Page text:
http://lwn.net/Articles/153203/

Just for the benefit of future web searchers with the same question,
here is an interesting thread covering the specific issue. My real
curiosity is still why the performance I see regressed so badly when I
upgraded to F8. The thread leads me to believe that the the F7 swsusp1
did not save caches. Hmm... I have been enjoying the convenience of
fedora's suspend-works-out-of-the-box for awhile now, but I think it
might be time for me to go back to tux-on-ice. I truly am disgusted by
having to suffer through 5-15 seconds of thrashing while changing
desktops after resume. I would much rather the resume take 20 seconds
longer, and present me with a good user experience. (yes, I am one of
those people that thinks that offering early login while the system
finishes booting is a really stupid thing).


-dmc

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Old 01-03-2008, 07:03 AM
Douglas McClendon
 
Default f8 gripe#2: why did f8's pm-hibernate regress?

Douglas McClendon wrote:

[ pro-tux-on-ice rant snipped ]

might be time for me to go back to tux-on-ice. I truly am disgusted by
having to suffer through 5-15 seconds of thrashing while changing
desktops after resume. I would much rather the resume take 20 seconds
longer, and present me with a good user experience. (yes, I am one of
those people that thinks that offering early login while the system
finishes booting is a really stupid thing).


To clarify this harsh, theoretically offensive statement- Early login
done _right_ would be fine. Doing it the incomplete way, such as the
vista experience, is IMO a regression, not a feature. I.e. it boggles
my mind that fast boot-to-login time is perceived as so valuable, that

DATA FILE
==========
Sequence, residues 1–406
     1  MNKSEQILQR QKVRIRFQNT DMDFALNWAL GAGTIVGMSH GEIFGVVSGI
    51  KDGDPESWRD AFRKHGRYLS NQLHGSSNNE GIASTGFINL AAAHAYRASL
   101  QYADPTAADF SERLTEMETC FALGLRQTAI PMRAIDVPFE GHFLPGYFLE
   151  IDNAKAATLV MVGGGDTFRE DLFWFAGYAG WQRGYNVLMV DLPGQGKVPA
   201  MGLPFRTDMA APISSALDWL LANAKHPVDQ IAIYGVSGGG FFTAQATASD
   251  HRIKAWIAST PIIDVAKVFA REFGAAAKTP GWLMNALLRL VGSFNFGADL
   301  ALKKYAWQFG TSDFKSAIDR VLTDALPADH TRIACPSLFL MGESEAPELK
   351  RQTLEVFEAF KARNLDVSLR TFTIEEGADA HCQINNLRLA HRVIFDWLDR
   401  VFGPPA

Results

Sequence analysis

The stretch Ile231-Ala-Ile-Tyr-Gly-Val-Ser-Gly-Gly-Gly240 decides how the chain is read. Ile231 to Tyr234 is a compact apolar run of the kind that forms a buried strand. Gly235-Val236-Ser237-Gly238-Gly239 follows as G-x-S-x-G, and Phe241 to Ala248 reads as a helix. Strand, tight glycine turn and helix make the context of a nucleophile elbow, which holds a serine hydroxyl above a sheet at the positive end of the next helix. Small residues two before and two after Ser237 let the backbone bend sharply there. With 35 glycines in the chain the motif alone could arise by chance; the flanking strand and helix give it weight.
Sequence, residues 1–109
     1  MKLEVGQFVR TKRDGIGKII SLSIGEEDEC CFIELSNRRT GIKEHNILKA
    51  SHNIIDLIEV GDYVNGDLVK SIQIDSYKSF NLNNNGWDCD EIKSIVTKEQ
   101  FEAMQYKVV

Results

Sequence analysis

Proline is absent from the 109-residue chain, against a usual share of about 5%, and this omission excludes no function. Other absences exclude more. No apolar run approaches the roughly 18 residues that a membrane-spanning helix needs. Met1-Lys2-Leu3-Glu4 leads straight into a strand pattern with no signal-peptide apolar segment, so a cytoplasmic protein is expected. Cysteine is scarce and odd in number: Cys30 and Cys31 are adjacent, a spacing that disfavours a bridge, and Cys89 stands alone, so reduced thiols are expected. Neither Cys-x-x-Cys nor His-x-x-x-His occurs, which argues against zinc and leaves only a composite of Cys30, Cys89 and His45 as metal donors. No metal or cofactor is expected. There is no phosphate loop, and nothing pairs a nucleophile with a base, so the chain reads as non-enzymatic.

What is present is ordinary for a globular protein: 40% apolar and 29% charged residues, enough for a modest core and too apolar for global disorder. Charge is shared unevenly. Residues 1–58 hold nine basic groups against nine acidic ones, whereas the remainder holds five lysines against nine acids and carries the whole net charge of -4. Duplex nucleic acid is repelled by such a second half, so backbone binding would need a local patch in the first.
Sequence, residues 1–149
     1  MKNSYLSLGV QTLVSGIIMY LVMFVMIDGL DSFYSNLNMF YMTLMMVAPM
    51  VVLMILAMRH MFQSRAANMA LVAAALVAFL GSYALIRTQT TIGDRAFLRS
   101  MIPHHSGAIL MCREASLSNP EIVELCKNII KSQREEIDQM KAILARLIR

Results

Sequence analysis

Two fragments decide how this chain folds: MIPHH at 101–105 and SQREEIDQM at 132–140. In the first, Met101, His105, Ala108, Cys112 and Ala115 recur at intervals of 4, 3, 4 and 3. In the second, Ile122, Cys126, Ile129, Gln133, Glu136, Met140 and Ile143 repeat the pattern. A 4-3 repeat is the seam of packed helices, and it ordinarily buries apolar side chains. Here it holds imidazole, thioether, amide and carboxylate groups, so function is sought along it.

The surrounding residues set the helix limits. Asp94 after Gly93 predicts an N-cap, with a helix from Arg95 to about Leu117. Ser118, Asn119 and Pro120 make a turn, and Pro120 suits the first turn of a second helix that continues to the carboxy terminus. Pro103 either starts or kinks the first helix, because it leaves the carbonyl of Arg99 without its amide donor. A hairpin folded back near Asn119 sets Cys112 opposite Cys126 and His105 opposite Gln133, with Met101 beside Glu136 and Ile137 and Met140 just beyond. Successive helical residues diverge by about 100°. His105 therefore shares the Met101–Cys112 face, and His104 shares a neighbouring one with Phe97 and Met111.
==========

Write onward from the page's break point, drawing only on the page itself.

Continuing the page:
the implementers will let a user's first experience with the system be
at its absolute valley(anti-peak) responsiveness phase.


I guess for early login this isn't so bad, as people just learn that the
fast boot time is an illusion and that it's better to sit back and let
the system IO settle before using it. But what started my rant was the
swsusp choice, which is not workaroundable by just letting the system IO
settle.


and the 5-15 seconds was a bit of an exageration, more like 5-10. But
still, evocative of winblowz 3.1 swap thrashing....


</rant>

-dmc

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Old 01-03-2008, 04:45 PM
nodata
 
Default f8 gripe#2: why did f8's pm-hibernate regress?

Am Donnerstag, den 03.01.2008, 02:03 -0600 schrieb Douglas McClendon:
> Douglas McClendon wrote:
>
> [ pro-tux-on-ice rant snipped ]
>
> > might be time for me to go back to tux-on-ice. I truly am disgusted by
> > having to suffer through 5-15 seconds of thrashing while changing
> > desktops after resume. I would much rather the resume take 20 seconds
> > longer, and present me with a good user experience. (yes, I am one of
> > those people that thinks that offering early login while the system
> > finishes booting is a really stupid thing).
>
> To clarify this harsh, theoretically offensive statement- Early login
> done _right_ would be fine. Doing it the incomplete way, such as the
> vista experience,

I don't know why people keep saying this. Vista boots fast and is
responsive.

> is IMO a regression, not a feature. I.e. it boggles
> my mind that fast boot-to-login time is perceived as so valuable, that
> the implementers will let a user's first experience with the system be
> at its absolute valley(anti-peak) responsiveness phase.
>
> I guess for early login this isn't so bad, as people just learn that the
> fast boot time is an illusion and that it's better to sit back and let
> the system IO settle before using it. But what started my rant was the